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130 people rescued from bombed Mariupol theater as crews search for hundreds more

A satellite of the Mariupol theater from Monday, before it was bombed. The word "Children" is written in white on the pavement.
Satellite image ©2022 Maxar Technologies
A satellite of the Mariupol theater from Monday, before it was bombed. The word "Children" is written in white on the pavement.

Updated March 18, 2022 at 10:57 AM ET

At least 130 people have been pulled from the Mariupol theater that was hit by a Russian airstrike, but hundreds more remain under the rubble as rescue crews work to find them, according to Ukrainian member of parliament Sergiy Taruta.

As many as 1,000 or more people were in the theater and its shelter Wednesday at the time of the attack, Ukrainian officials say. But it remains unclear how many might have survived. The theater's bomb shelter has three separate sections, Taruta said in an update, and it's not known if all of those portions remain intact.

The Azov Battalion, a paramilitary unit that is part of Ukraine's national guard, posted images online showing the devastated building.

Satellite imagery from March 14 shows that the word "Children" (Дети) had been written in Russian on the ground in front of and behind the red-roofed theater, according to Maxar Technologies. That same message is frequently seen on cars and elsewhere during the war, as civilians hope Russian forces will avoid firing on them.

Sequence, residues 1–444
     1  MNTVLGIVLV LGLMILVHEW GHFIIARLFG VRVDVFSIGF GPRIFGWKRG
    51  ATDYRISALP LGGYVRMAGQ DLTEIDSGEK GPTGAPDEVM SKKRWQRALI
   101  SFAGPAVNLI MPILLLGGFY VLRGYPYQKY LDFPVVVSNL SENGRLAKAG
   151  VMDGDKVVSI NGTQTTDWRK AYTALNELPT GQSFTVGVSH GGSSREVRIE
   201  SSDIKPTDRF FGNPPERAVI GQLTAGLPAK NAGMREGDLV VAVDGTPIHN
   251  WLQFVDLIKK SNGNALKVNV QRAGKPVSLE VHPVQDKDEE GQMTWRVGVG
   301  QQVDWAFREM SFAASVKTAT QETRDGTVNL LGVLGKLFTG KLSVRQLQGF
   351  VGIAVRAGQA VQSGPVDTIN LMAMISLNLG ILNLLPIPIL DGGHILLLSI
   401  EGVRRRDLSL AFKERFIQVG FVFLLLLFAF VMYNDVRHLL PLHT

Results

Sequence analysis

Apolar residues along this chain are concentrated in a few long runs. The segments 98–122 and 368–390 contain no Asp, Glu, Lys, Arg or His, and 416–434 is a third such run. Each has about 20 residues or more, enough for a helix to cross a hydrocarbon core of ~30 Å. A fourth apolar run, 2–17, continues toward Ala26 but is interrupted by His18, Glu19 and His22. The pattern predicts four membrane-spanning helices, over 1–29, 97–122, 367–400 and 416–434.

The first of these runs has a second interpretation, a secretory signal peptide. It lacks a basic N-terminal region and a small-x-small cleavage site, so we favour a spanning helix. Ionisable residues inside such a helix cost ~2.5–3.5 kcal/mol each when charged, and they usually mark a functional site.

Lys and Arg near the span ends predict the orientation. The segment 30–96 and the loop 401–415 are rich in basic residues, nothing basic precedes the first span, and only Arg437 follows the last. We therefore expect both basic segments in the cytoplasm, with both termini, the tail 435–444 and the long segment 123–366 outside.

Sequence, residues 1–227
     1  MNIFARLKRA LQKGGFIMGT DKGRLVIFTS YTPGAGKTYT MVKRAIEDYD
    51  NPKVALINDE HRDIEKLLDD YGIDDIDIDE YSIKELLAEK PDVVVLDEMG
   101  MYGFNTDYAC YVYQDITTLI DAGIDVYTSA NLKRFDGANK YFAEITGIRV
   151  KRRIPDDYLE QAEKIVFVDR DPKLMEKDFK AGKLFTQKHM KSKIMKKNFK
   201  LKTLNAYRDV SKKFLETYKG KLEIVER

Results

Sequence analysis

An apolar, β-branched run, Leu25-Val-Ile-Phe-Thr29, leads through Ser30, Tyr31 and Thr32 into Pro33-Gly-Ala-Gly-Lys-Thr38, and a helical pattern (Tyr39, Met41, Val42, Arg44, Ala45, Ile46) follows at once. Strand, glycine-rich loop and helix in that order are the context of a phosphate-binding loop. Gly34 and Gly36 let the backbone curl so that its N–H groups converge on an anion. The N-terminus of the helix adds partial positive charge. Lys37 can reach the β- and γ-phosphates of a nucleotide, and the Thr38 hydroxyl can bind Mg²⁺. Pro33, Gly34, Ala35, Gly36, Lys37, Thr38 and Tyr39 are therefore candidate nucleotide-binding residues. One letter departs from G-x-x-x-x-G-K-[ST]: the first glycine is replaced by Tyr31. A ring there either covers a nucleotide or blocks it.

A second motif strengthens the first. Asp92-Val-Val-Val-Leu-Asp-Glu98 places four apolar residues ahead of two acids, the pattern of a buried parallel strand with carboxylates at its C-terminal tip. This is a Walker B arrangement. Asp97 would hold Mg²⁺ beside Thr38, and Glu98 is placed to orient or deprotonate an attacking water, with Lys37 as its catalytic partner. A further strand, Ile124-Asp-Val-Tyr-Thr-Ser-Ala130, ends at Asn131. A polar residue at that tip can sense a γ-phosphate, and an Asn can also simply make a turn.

The search and rescue work is complicated by a number of factors, Taruta said, including the lack of critical services in Mariupol, which has been under siege for weeks, and a scarcity of doctors to treat the wounded.

Italy is pledging to help rebuild Mariupol's Drama Theater as soon as possible.

"Theaters of all countries belong to the whole humanity," Italian Culture Minister Dario Franceschini said via Twitter.

Ukrainian officials shared footage of the devastated theater on Thursday, with the Mariupol City Council saying the central part of the large building was destroyed.

People in Mariupol have been living under siege since Russian forces isolated it and began shelling the port city.

The city council said more than 350,000 Mariupol residents continue to hide in shelters and basements. The city has been encircled by Russian troops for 16 days — and fighting is raging on its outskirts.

The city council says that, on average, 50 to 100 bombs have been dropped on the city per day, Frayer reports.

Residents have been desperate to flee, as attacks disrupted critical services and infrastructure. Several attempts to establish humanitarian corridors have been marred by continued fire, but some people have managed to flee. In the past two days, the city's mayor said via Telegram, 6,500 private cars were able to leave the city.

Russia's military is razing Mariupol to the ground, Ukrainian President Volodymyr Zelenskyy said on Thursday.

"They just destroy everything there. Everything and everyone who is there," Zelenskyy said in a speech to German lawmakers. "Hundreds of thousands of people are under shelling around the clock. No food, 24 hours a day without water, no electricity, 24 hours a day without communication. For weeks."

This story originally appeared in the Morning Edition live blog.

Copyright 2022 NPR. To see more, visit https://www.npr.org.

Bill Chappell is a writer and editor on the News Desk in the heart of NPR's newsroom in Washington, D.C.